• When does an inquiry become an application for service for which there could be a denial and a grievance process? Sometimes a person who calls a program is not clear about whether they just want some information or are actually seeking legal assistance, and other times if a caller asks about something the program does not handle, they may hang up or be referred to another provider before ever going through an intake process;
  • Whether and to what extent it is appropriate for a grantee to provide assistance to a client/applicant in the filing of a complaint; and
  • Whether and to what extent is it appropriate for a grantee to provide assistance to a client at a grievance hearing.

With this notice, LSC is inviting expressions of interest from the interested stakeholder community to participate in a second Rulemaking Workshop. This second Workshop is intended to further explore issues identified during the first Workshop, along with identifying any issues which may not have been discussed in the first Workshop. LSC is particularly interested in soliciting further input from both client representatives and LSC programs, especially hotline-only programs and others programs where in-person contact between staff and clients/applicants is difficult or non-existent (such as in service areas with widely disbursed and rural client populations), on the issues and challenges presented by the client grievance procedure and regulation.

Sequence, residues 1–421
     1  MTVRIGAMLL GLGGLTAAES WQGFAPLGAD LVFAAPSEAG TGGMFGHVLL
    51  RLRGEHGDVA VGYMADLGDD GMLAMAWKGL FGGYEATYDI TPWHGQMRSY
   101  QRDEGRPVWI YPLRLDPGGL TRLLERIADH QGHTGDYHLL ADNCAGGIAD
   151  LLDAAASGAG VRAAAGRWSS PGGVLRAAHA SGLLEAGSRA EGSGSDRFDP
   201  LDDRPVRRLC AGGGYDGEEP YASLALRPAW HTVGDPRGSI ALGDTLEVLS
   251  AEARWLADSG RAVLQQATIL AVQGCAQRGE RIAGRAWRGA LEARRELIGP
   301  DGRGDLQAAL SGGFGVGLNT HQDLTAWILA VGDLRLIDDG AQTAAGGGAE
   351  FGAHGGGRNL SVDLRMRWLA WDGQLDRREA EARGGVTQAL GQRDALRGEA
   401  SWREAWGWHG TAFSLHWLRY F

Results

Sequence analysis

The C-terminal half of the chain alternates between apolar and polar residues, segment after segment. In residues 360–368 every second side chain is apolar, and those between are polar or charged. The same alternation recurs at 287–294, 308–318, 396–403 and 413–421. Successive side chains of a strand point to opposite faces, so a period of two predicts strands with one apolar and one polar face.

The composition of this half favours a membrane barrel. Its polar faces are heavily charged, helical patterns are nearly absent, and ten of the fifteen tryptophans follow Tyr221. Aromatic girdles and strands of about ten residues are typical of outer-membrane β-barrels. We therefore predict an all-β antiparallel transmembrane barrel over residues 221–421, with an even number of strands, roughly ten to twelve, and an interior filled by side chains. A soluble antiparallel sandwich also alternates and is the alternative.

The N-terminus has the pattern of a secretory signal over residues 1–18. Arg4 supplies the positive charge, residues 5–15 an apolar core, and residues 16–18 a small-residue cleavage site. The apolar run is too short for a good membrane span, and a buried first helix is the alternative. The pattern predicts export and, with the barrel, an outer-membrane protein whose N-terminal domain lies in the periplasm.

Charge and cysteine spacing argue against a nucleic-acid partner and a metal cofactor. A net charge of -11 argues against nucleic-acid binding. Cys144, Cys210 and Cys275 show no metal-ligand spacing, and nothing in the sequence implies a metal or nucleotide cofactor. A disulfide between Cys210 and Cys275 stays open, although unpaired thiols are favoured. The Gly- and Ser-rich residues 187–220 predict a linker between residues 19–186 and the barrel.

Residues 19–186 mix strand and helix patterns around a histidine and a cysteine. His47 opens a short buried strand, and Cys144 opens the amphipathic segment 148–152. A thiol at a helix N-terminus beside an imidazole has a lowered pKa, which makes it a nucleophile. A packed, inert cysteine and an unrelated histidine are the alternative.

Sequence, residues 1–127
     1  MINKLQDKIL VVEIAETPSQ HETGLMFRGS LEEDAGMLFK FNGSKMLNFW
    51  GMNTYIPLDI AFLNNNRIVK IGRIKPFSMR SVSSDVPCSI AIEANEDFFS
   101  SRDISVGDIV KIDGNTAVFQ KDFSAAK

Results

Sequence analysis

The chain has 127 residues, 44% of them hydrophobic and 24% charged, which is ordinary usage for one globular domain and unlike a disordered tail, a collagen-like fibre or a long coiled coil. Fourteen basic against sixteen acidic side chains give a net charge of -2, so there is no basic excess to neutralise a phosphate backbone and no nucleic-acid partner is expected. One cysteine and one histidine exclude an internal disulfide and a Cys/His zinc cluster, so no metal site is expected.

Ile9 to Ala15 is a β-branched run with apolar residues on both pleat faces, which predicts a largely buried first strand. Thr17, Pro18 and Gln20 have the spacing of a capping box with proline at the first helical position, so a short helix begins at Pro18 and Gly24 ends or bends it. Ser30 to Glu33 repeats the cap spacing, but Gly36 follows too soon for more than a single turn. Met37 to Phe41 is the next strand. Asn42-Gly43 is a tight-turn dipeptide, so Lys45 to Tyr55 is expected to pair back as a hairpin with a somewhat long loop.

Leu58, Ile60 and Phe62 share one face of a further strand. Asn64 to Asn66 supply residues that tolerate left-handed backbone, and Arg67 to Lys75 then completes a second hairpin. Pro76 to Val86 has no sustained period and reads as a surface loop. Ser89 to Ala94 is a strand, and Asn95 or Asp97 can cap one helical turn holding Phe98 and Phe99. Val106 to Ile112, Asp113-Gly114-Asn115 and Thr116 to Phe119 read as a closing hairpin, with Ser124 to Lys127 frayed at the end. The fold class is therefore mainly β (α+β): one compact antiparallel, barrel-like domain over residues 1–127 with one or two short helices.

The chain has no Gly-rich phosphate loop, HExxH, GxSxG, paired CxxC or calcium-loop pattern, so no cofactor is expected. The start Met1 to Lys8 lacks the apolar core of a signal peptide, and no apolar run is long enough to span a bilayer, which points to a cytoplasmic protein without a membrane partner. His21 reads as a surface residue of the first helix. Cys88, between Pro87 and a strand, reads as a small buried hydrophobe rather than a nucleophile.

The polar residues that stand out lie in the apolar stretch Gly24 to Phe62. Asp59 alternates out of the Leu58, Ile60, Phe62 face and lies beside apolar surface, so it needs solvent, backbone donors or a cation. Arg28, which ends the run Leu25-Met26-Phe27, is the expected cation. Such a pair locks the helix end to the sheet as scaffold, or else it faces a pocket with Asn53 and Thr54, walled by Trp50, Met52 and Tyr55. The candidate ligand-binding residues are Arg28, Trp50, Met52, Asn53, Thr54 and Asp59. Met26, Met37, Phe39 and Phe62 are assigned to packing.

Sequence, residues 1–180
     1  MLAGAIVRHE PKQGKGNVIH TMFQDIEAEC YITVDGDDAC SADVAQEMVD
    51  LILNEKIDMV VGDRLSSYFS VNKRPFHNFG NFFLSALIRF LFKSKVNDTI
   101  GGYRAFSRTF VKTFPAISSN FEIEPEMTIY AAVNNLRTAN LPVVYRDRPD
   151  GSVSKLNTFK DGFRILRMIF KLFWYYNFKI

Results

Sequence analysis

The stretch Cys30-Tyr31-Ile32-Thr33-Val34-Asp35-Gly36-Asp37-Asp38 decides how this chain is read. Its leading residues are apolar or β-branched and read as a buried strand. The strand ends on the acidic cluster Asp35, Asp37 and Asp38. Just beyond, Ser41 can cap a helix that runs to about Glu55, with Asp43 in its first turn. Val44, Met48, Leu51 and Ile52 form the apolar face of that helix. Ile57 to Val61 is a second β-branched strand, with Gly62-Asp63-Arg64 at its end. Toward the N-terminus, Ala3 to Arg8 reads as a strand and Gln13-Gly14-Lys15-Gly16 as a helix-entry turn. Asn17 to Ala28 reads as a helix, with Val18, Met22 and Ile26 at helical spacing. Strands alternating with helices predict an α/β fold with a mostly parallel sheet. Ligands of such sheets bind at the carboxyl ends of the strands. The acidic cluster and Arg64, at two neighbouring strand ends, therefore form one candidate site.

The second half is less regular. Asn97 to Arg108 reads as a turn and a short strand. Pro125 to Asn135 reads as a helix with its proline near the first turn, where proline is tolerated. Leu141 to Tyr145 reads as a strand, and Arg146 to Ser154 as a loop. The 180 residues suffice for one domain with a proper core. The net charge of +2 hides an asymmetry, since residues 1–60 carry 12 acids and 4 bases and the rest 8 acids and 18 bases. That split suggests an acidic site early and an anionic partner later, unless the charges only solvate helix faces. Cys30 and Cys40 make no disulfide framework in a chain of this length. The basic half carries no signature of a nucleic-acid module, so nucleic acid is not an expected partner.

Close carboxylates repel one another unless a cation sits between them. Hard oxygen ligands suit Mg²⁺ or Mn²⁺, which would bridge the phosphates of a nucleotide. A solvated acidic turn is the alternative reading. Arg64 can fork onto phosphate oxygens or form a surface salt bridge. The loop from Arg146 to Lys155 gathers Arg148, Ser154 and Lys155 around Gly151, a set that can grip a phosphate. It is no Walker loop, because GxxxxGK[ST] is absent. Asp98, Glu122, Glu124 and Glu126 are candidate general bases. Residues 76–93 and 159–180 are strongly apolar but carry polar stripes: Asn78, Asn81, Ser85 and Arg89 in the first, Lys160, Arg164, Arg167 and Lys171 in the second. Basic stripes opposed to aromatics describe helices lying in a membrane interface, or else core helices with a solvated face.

Expressions of interest should be forwarded in writing to Victor M. Fortuno, Vice President & General Counsel, Legal Services Corporation, 3333 K Street, NW., Washington, DC 20007. Such expressions of interest may be alternatively sent via e-mail to or via fax to 202-337-6831, but must be received by close of business on December 2, 2005. LSC will select participants shortly thereafter and will inform all those who expressed interest of whether or not they have been selected.

The Workshops will be open to public observation but only persons selected will be allowed to participate. Participants are expected to cover their own expenses (travel, lodging, etc.). LSC may consider providing financial assistance to participants for whom travel costs would represent a significant hardship and barrier to participation. Any such person should so note in his/her expression of interest for LSC's consideration.

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Victor M. Fortuno,

Vice President & General Counsel.

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[FR Doc. E6-1928 Filed 2-10-06; 8:45 am]